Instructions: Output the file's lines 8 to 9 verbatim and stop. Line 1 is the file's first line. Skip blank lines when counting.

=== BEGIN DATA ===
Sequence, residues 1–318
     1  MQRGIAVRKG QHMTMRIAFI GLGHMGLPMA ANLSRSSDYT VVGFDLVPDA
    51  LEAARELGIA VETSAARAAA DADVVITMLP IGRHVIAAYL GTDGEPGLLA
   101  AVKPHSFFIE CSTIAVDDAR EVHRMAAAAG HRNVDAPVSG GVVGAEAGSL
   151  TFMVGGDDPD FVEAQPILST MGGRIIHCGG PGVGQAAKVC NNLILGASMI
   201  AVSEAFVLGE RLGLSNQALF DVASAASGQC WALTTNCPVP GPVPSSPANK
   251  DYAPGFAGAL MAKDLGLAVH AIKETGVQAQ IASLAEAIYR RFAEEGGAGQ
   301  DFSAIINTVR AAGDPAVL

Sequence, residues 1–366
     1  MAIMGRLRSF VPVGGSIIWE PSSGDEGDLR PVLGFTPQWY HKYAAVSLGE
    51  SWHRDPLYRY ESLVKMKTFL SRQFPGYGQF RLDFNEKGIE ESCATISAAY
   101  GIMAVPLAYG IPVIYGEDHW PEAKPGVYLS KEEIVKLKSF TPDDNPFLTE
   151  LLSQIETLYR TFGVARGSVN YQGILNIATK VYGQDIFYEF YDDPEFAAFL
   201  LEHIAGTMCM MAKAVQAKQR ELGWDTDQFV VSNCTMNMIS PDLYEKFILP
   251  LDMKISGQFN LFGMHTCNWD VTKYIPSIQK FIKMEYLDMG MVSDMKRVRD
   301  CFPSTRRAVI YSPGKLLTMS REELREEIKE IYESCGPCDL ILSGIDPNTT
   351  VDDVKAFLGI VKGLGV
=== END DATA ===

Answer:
   301  DFSAIINTVR AAGDPAVL

Sequence, residues 1–366